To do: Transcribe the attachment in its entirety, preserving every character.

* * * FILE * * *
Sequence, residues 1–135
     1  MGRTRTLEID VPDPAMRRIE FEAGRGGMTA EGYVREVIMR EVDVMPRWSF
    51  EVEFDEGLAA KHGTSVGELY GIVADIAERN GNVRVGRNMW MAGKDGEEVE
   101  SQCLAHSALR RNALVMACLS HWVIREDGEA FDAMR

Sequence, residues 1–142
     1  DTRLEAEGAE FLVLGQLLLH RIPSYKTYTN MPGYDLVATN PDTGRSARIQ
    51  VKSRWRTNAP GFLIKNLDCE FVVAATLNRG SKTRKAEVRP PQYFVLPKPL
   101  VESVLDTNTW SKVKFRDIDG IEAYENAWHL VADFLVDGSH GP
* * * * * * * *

Sequence, residues 1–135
     1  MGRTRTLEID VPDPAMRRIE FEAGRGGMTA EGYVREVIMR EVDVMPRWSF
    51  EVEFDEGLAA KHGTSVGELY GIVADIAERN GNVRVGRNMW MAGKDGEEVE
   101  SQCLAHSALR RNALVMACLS HWVIREDGEA FDAMR

Sequence, residues 1–142
     1  DTRLEAEGAE FLVLGQLLLH RIPSYKTYTN MPGYDLVATN PDTGRSARIQ
    51  VKSRWRTNAP GFLIKNLDCE FVVAATLNRG SKTRKAEVRP PQYFVLPKPL
   101  VESVLDTNTW SKVKFRDIDG IEAYENAWHL VADFLVDGSH GP